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GEORGE THOMAS. evils, several of his own districts perceiving the disastrous situation of his affairs, joined their efforts to those of his enemies.

A part of Mr. Perron's forces was commanded by Captain Smith, whom we have before had occasion to notice, while a second divifion was led by Mr. Lewis.

On his arrival at Hansi, Mr. Thomas loft no time in completing his ammunition and other stores ; his intention was first to attack Mr. Lewis, but Captain Smith having lately invested the fort of George Ghur, by which means the collections in that district were interrupted, he resolved to proceed to its relief.

George Ghur* is a small fort erected by Mr. Thomas, when he first took possession of the pergunnahs made over to him by Appakandarow; it is situated four coss south of Jyjur, and thirty distant from Delhi. The unquiet state of the pergunnahs had induced Mr.

* For this account of the position of George Ghur, I åm indebted to the kindness of my friend Captain Salkeld of the cavalry.

Thomas to erect this fort with a view to overawe the neighbouring villages, and when finished he placed a strong body of troops in it for its defence.

Mr. Thomas having left a body of Rohillas to defend Hanfi, advanced towards Captain Smith, and after a march of eleven coss, en camped at the town of Mahim; Mr. Lewis at this time being feventeen coss to the northWeft of that place.

Here he was informed that Captain Smith, who had got imperfe& intelligence of his advance, had withdrawn his guns from the bat teries and struck his camp.

Mr. Thomas having ordered the cavalry to proceed with all expedition, continged his march with the infantry towards George Ghur, where, on bis arrival late in the evening, he learnt that Captain Smith had retreated.

Early on the enfuing morning Mr. Thomas commenced the pursuit, but Murtuza Khawn, the commandant of his second regiment, who

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had received orders to proceed in advance, and cut off the retreat of Captain Smith, most unaccountably lost his road, and the foldiers being fatigued, did not come up with their colours ; with the only battalion that remained Mr.

Thomas, on reaching the rear of Captain Smith's line of march, commenced the attack. Capa tain, Smith in order to cover the retreat of his artillery and baggage, drew up to receive Mr. Thomas, and after a flight cannonade continued his route ; at this time Mr. Thomas's second regiment made its appearance, of which, from the causes before stated, not more than seventy men had yet..come up, and they advancing incautioully into a field of joar* on the right, without having previoufly reconnoitred, were suddenly attacked by a battalion of the enemy; his men being so few in number made but a feeble resistance, and before they had time to unlimber, the enemy took poffeffion of four of their guns.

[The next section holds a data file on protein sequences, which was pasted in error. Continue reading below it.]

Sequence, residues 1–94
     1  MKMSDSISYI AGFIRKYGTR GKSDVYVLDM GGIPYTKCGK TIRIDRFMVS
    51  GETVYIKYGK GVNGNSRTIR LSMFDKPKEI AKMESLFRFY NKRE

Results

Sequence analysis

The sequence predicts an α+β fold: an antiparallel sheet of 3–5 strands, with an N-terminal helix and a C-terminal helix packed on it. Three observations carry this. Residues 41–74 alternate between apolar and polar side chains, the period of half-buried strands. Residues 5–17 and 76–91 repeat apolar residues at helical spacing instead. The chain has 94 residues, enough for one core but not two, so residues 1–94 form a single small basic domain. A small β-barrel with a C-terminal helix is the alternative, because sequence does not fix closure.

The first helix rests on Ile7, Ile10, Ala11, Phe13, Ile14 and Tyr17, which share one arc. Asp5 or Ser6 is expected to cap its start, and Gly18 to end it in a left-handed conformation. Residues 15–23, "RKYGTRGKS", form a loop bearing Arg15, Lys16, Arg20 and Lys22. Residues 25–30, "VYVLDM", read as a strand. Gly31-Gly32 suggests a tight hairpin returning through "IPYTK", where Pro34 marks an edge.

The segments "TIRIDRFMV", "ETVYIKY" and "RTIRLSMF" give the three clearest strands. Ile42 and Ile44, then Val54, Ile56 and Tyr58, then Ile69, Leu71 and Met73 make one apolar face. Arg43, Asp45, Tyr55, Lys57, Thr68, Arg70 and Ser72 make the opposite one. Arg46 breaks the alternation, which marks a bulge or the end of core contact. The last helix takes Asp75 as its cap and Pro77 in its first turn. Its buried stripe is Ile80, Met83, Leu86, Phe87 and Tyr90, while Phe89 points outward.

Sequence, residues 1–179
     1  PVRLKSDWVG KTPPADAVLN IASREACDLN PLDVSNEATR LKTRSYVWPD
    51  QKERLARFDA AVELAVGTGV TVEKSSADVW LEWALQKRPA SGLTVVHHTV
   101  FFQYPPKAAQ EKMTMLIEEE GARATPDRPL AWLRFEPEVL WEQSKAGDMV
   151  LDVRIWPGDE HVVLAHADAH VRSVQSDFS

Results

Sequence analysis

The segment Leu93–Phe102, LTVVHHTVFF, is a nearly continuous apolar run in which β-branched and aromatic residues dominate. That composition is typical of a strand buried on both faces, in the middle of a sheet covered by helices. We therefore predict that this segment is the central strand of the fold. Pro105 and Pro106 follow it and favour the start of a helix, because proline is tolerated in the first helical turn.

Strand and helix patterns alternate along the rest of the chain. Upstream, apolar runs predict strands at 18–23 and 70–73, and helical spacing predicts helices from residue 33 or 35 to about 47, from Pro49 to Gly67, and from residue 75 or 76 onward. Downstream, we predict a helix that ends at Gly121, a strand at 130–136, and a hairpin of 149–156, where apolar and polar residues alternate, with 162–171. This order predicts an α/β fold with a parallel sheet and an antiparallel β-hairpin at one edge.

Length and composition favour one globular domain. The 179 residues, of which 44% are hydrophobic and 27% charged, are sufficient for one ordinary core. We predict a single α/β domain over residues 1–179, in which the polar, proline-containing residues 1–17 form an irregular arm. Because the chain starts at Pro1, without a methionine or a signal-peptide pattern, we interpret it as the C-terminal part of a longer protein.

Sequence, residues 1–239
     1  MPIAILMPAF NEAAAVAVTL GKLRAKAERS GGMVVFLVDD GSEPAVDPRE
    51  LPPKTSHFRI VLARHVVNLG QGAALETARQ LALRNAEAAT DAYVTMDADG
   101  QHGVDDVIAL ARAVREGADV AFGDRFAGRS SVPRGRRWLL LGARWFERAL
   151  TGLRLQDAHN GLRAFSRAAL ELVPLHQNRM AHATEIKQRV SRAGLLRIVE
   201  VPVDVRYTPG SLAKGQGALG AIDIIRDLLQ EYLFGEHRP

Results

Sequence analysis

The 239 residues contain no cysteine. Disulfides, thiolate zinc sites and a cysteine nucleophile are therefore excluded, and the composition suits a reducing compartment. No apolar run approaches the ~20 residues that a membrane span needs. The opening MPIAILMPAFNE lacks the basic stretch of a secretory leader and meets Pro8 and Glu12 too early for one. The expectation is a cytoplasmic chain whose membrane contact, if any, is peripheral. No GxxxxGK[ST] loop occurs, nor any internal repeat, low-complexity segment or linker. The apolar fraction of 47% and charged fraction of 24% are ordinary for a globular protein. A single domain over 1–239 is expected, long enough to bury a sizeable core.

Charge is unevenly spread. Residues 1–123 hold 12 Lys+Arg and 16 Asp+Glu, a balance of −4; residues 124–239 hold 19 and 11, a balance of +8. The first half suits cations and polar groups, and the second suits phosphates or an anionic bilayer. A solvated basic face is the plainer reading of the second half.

Mr. Thomas hearing of this disaster, immediately advanced to the relief of his troops ; he

* A grain very common in India.

was attended on this occasion by Asalut Khawn, a native officer, formerly in the service of the East India Company; they charged the enemy with vigour sword in hand, and after a severe conflict, in which the commandant of the enemy was taken prisoner, gave them a complete defeat.

: Mr. Thomas's men, thinned in their numbers, and exhausted with fatigue, were unable to continue the pursuit; he sent his cavalry however after the fugitives, who picked up several stands of colours and small arms, which had been thrown away in the retreat.

In this encounter the enemy lost seven hundred men, while that of Mr. Thomas did not exceed one hundred; and had it not been for the soldier-like precautions taken by Captain · Smith in sending forward his artillery and

baggage, while he made head against Mr. Thomas with his infantry, the whole would inevitably have been captured ; as it was, he loft the greater part of his ammunition and baggage.

Captain Smith on his defeat returned to Jyjur, and Mr. Thomas pitched his camp about two miles distant from that place.

In the morning he was preparing for a fecond attack, when his hircarrahs, who had been on the look-out, brought intelligence of the approach of Mr. Lewis from an opposite direction, and his own troops being not only fatigued, but many of them dispersed in search of plunder, he did not think it advisable at that time to hazard an engagement.

Mr. Thomas now returned to George Ghur, but had scarcely reached that place when he received intelligence of Mr. Perron's army having arrived at Byree, three coss from his own encampment. .

On the ensuing morning the enemy prepared to attack him. His situation was at this time critical; the battalions who had before retreated from George Ghur now came back, and took post within cannon fhot to the eastward of his encampment; the force under Mr. Lewis was stationed to the south-west ;

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